Legionnaires' disease outbreak investigation toolbox

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Definition of a case for surveillance purposes

Case definitions during an outbreak are likely to be more flexible (in terms of clinical evidence/diagnosis) and more organic (in terms of shifting evidence base) yet more constrained (in terms of location/time) than definitions for Legionnaires' disease for surveillance and monitoring purposes. The case definitions below are taken from [1] and are included for contextual background.

Case definitions for confirmed and probable cases of Legionnaires' disease[1]

Confirmed Case

Any person with a diagnosis of pneumonia AND with laboratory evidence of at least one of the following:

· Isolation (culture) of Legionella species from respiratory secretions or any normally sterile site

· The presence of L. pneumophila urinary antigen determined using validated reagents/kits

· L. pneumophila serogroup 1 specific antibody response

Probable case

Any person with pneumonia

AND either laboratory evidence of at least one of the following:

· Detection of Legionella pneumophila antigen in respiratory secretions or lung tissue e.g. by DFA staining using monoclonal-antibody derived reagents

· Detection of Legionella spp. nucleic acid in a clinical specimen

· L. pneumophila non-serogroup 1 or other Legionella spp. specific antibody response

· L. pneumophila serogroup 1, other serogroups or other Legionella species: single high titre in specific serum antibody.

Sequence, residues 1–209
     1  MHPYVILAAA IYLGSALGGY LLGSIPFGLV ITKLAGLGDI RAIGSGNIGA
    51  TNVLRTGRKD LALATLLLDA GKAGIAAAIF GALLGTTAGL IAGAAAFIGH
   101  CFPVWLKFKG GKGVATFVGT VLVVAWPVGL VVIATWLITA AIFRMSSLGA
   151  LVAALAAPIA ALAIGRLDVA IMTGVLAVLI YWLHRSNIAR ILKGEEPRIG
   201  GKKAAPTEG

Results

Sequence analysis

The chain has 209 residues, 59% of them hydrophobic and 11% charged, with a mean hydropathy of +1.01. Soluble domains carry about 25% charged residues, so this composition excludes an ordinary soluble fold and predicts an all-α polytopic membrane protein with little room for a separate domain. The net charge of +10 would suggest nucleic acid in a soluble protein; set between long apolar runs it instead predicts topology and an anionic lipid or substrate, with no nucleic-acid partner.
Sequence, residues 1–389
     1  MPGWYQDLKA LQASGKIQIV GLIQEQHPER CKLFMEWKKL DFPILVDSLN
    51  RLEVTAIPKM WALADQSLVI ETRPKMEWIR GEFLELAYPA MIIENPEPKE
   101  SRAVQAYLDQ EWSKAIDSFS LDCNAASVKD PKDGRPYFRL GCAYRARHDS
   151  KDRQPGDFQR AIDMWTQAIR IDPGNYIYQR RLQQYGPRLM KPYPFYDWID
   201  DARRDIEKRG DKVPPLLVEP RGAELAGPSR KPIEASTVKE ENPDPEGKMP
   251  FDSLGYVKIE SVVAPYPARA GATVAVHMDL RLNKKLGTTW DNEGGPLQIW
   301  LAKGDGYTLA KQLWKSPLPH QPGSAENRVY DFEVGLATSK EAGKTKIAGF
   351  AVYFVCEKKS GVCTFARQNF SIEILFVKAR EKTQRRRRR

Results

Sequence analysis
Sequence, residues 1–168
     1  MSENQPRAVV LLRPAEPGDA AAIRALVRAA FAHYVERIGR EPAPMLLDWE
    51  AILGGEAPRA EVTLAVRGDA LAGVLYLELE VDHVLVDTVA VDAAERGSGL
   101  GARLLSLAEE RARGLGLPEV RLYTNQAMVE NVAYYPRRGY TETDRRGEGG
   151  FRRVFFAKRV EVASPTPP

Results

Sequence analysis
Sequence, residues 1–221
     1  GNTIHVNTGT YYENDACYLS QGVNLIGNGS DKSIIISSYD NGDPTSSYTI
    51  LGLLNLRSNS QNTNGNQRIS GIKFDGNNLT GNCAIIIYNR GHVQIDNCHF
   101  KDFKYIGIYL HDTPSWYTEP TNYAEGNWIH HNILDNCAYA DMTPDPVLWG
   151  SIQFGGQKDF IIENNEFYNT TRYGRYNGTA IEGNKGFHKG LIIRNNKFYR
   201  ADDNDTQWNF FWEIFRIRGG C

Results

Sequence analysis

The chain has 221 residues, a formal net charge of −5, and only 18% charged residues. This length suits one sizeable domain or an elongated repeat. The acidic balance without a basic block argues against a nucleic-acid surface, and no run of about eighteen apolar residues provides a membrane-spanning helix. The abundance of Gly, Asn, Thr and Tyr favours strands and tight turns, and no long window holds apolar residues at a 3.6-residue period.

OR any person with pneumonia and at least one of the following epidemiological links:

· Environmental exposure[2]

· Exposure to the same common source[3]

[2] for example, persons with pneumonia could have had the same environmental exposure through staying in a hospital or hotel with laboratory-confirmed presence of Legionella in the water system. Although these people have not been tested for the disease there is an assumption that their pneumonia could be due to the same organism through the epidemiological link.

[3] for example, persons with pneumonia who were in the vicinity of a common source outbreak but did not get tested for the disease. For example, outbreaks on cruise ships or where exposure to infection may involve residents from more than one country could include cases with an epidemiological link who fall into this category but who return home and do not get tested for Legionella infection.